But by the early 1980s, it was the Reagan conservative revolution that was being exported to Europe, and it helped shift the centre of gravity of European politics. The French "New Philosophers" drew most of their thinking from the writings of US public intellectuals and neo-cons like Irving Kristol, Norman Podhoretz and Allan Bloom. European apostles of the "free market, free mind" ideology found most of their inspiration in US think tanks. Ironically, the European backlash against the "Washington consensus" is also made largely in America. Anti-globalisation and anti-corporate groups here in Europe have found their Messiah in US radical academic Noam Chomsky, and the new progressives have turned to New York Times columnist and Princeton economist Paul Krugman for incisive and well-argued alternatives. If in November 2008 the Democrats win both the White House and Congress there is bound to be a new atmosphere in Washington. Among the main beneficiaries will be America's NGOs. The legion of experts and policymakers currently "parked" in liberal think tanks during their years in the wilderness, will find positions in the next Democratic administration. Will European NGOs be able to join the party? Yes, to the extent that there will be a friendlier team in Washington. But the change is bound to be limited. Historically there has always been an asymmetry in the capacity of US and European NGOs to affect policies in each others' political arenas. While both the US government and America's private foundations have a wellestablished tradition of funding European NGOs, the European response in that field has been close to nought. Most EU civil society organisations' invisibility in Washington contrasts with the presence in Brussels of such strong US groups asAmCham, the EU-American Chamber of Commerce in corporate matters, with other US-based NGOs having acquired influence in EU institutions that at times overshadows that of native European groups.
Brussels-based NGOs of US parentage, together with transnational groups with a strong American presence like the International Crisis Group and Human Rights Watch, will play an active role in the re-shaping of US-EU civil society relations. They know both sides of the street, are close to the Democrats and have developed lobbying skills on Washington's K Street and in the corridors of the Congress that could very efficiently be applied to the Brussels power game.
What no one yet knows, though, is whether a new Democratic administration would really be a break with the recent past? Mainstream NGOs in the US have for years been pleading for more enlightened and principled American leadership on key world issues, yet starryeyed optimism is definitely not on their agenda. The Democrats' victory in the 2006 mid-term elections has not produced the "liberal surge" that many NGOs expected. The Democrats' acceptance of Michael Mukasey, the Bush nominee as the new US Attorney General - a man who is reticent about calling waterboarding illegal - has been widely seen as a capitulation, not to say a bad omen for a future Democratic administration.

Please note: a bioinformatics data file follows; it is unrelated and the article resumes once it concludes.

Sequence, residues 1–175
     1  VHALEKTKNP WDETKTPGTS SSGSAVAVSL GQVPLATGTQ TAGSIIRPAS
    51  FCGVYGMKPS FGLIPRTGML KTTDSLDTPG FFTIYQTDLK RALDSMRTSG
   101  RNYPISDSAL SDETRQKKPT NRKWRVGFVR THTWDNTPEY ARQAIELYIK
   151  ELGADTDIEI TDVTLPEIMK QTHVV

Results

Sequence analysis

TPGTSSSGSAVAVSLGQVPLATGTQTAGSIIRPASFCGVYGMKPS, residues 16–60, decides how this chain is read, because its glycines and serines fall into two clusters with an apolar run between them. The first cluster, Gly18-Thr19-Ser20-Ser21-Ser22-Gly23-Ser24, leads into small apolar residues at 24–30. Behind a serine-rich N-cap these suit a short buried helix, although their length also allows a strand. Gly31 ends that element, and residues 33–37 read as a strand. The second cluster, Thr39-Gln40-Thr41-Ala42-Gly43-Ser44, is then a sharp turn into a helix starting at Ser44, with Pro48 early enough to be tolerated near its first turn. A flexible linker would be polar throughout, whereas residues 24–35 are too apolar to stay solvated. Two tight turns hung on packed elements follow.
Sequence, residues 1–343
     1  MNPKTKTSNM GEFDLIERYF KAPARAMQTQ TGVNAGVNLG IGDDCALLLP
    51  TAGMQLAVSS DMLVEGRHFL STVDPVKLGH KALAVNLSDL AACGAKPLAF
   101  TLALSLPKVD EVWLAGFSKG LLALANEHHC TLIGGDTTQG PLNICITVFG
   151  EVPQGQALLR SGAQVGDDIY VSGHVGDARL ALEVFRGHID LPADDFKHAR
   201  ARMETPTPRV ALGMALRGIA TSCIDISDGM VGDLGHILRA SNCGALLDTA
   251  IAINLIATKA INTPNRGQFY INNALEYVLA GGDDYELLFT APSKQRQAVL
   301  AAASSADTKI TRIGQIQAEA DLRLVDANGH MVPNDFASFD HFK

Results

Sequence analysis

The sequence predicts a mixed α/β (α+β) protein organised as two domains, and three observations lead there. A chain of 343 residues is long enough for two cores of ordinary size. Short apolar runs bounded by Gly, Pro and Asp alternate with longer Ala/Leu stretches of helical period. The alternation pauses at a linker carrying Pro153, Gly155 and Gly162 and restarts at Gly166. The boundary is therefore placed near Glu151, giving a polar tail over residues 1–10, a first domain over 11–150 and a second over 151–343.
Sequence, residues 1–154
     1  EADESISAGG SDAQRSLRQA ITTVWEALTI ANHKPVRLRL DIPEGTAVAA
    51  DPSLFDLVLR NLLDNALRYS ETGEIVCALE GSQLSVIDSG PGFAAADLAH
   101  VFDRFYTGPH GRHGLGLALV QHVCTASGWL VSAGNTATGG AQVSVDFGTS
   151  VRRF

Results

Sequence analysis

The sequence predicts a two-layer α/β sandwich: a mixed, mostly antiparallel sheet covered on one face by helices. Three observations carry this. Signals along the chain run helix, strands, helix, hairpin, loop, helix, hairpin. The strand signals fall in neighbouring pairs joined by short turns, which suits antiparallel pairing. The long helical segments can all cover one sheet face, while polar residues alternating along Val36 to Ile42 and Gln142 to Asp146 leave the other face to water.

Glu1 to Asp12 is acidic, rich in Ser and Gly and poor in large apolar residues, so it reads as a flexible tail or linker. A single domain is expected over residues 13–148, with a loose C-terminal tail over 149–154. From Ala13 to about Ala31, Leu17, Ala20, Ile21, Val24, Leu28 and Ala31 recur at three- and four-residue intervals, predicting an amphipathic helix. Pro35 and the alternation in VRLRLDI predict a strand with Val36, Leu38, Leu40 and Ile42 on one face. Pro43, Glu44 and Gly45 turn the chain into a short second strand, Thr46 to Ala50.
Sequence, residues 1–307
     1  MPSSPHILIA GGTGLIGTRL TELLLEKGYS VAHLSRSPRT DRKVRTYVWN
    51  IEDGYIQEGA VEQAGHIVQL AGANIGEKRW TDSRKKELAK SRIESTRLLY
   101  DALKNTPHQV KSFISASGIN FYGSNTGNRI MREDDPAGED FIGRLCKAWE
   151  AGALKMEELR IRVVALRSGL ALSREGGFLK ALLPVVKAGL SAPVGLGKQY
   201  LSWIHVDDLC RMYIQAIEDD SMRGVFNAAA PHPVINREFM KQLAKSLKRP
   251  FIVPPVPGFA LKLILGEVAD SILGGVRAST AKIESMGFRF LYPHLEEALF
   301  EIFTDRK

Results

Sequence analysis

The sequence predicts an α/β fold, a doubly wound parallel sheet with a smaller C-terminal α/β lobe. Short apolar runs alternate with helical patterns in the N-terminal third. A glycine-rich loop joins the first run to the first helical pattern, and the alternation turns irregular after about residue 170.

The eight years of the Bush presidency will not easily be unravelled. Observers point out that although a more positive EU-US relationship can only emerge with the return of "liberal internationalists" like the Clintons to the White House, they also emphasise that US unilateralism has become a much more entrenched, bipartisan and institutionalised phenomenon than many Bush-bashers want to accept.
Does it matter? Although the US undoubtedly remains the world's only superpower, many NGOs tend to think that it is less so today than in the 1990s, when Bill Clinton's Secretary of State Madeleine Albright spoke of America as "the indispensable nation", and former French foreign minister Hubert Védrine theorised about the US "hyper-puissance". Confronted with a Bush administration bent on exempting itself from major international obligations, and ready to gamble US credibility in ill-fated adventures, both European and American NGOs have learnt to live without the US government. They have broadened their advocacy outside of Washington Beltway and, after trying to engage with an apparently more responsive European Union, they also have set their sights more distantly still. Recently at the end of a long strategy meeting one leading US group concluded that whatever the US presidential election may bring, its own advocacy focus should shift to a multi-polar strategy embracing China, India, Russia, Brazil and Turkey, and their growing impact on the planet.
This article was provided by EUROPE'S WORLD.
If you wish to comment on this article, you can do so on-line.
Should you wish to publish your own article on the Facts & Arts website, please contact us at . Please note that Facts & Arts shares its advertising revenue with those who have contributed material and have signed an agreement with us.